How to reverse-engineer a rainforest

How to reverse-engineer a rainforest

In the interim, researchers tasked with studying and reforesting plots outside of carefully-protected landscapes are trying to figure out the best ways to work with the resources and information they’ve got. Experiment, iterate, fail, try again — the third step in our hypothetical reverse-engineering process. “When you’re dealing with a natural ecosystem, we should not have the expectation that we can go in and control everything, and engineer it so that it works exactly how it did, like a machine,” says Robin Chazdon, a former professor at the University of Connecticut, current research professor at University of the Sunshine Coast and member of Brazil’s Tropical Forest and People Research Center, who has spent nearly 40 years of her career regenerating rainforests IRL. “I realize that we are getting much better with AI, and computer modeling and technology, but my experience studying the recovery of forests on the ground over time is that there’s a lot of unpredictable things that can happen.”

For that reason, in areas with low levels of degradation, simply protecting the land and letting the forests grow back on their own is largely seen by conservationists as the best, most cost-effective strategy when it comes to regeneration. This should sound familiar to those of us who have ever seen a Greenpeace ad or studied rainforest conservation in primary school in the early ‘90s—as the argument goes, the rainforest is sacred, complicated, irrevocably wild and must remain untouched to be truly protected.

Drawing of a tapir's footprints

03. Seed Drones

Is that incessant buzzing in my ear a spotted lanternfly — or is it an army of drones coming to replant this barren, post-industrial landscape? Seed-planting drones carry pressurized canisters of germinated seed pods immersed in a nutrient-rich gel, then fire them into the ground from a height of 1-2 meters before flying off to their next bio-target. There are several drone-planting initiatives going down in the Amazon today, the largest by U.K. start-up Dendra Systems, which hopes to plant 500 billion trees by 2060 with the use of “precision forestry.”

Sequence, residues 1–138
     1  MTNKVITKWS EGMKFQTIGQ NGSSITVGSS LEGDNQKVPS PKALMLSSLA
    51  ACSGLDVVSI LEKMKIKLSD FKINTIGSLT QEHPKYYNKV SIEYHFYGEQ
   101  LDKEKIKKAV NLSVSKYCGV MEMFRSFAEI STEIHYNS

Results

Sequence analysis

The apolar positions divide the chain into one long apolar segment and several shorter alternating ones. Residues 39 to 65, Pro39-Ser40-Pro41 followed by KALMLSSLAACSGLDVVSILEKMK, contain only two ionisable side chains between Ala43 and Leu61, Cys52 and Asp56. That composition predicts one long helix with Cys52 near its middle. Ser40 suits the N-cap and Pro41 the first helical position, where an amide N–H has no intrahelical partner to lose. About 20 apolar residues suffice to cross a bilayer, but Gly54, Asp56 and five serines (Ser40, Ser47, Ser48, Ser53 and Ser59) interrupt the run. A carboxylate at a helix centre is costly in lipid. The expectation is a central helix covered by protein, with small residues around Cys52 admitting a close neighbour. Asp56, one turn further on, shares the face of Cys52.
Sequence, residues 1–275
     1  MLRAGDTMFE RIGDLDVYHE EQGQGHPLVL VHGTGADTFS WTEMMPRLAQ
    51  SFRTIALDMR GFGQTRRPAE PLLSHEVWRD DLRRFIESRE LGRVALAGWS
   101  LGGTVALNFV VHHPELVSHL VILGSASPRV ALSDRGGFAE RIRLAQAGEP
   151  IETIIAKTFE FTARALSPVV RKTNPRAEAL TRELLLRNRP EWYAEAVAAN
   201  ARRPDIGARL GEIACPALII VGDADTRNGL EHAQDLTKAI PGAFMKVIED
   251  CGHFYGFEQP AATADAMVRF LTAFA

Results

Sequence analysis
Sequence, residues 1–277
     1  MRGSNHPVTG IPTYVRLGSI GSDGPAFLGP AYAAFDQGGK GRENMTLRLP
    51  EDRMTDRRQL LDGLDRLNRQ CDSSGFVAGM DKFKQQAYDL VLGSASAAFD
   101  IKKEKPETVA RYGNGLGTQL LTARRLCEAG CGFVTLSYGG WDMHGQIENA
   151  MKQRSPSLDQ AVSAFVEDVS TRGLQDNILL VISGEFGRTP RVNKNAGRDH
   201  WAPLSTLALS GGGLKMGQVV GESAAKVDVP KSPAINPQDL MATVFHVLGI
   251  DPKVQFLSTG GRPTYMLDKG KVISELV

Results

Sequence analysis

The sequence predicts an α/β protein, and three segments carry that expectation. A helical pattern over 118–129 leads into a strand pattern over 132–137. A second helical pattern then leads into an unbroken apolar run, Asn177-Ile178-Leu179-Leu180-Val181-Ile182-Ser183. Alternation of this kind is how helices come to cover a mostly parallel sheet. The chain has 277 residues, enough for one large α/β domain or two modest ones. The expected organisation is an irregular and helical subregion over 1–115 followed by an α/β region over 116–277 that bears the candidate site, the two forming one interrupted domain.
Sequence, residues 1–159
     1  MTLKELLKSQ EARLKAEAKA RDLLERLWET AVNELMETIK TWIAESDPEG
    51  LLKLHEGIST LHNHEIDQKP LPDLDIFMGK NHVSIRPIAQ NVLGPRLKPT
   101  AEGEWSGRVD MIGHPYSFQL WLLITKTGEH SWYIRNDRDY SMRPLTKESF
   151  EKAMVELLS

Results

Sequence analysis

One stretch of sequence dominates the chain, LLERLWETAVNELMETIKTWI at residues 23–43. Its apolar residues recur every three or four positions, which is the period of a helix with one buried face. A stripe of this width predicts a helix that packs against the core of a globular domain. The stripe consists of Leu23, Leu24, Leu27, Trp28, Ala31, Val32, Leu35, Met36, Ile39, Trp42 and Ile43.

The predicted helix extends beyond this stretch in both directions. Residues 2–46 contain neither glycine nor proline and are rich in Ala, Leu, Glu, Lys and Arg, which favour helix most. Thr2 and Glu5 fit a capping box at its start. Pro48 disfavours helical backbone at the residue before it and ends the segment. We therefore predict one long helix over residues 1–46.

But that’s not always possible in a world where borders constantly change and legal protections shift like the acidic, clay-rich sand beneath the rainforest floor. Unassisted regeneration is also not possible scientifically or sociologically in certain sites for a number of reasons: from soils being too far degraded to support natural succession, to the needs of the people who have been living off the rainforest for centuries.

“We need to really look at this from interdisciplinary backgrounds,” says Chazdon. “When you’re dealing with a landscape that has productive agriculture on it, or grazing lands, people are living there, they are using the land. You can’t wall to wall bring that back to a natural ecosystem like you can within a natural park or nature reserve.”

Many scientists in today’s conservation debate also say the drawing of boundaries between “natural” and “unnatural” in the rainforest is inherently limiting, drawing a false dichotomy between protecting ecosystems and protecting human prosperity. Instead of reverse-engineering, they suggest, maybe we should start thinking about where we can start redesigning the rainforest all together.

Already, there’s a sort of classification system in place for differentiating between man-made and nature-made rainforests. Primary forests, also known as “old-growth” “primeval” or “late seral” forests are those that have attained great age without significant disturbance. To be fair, there is no single definition of the term—some rely on human interference as their marker; others, acknowledging that human interference is everywhere, from the CO2 in the atmosphere to the microplastics in the bottom of our rivers, rely on minimum age (i.e. 150 years) to mark their distinction.

And then there are secondary forests. Those that have regrown after major human impact, and recovered just enough so that the effects of disturbance are no longer immediately evident. With only 21 percent of the earth’s original old-growth forests remaining, these are the Anthropocene creations that may one day help knit together the remaining fragments of ancient nature into a more contiguous, constantly changing system. New growth also helps protect watersheds and prevent erosion for forests that have higher mitigation potential and makes the forest as a whole less susceptible to disease.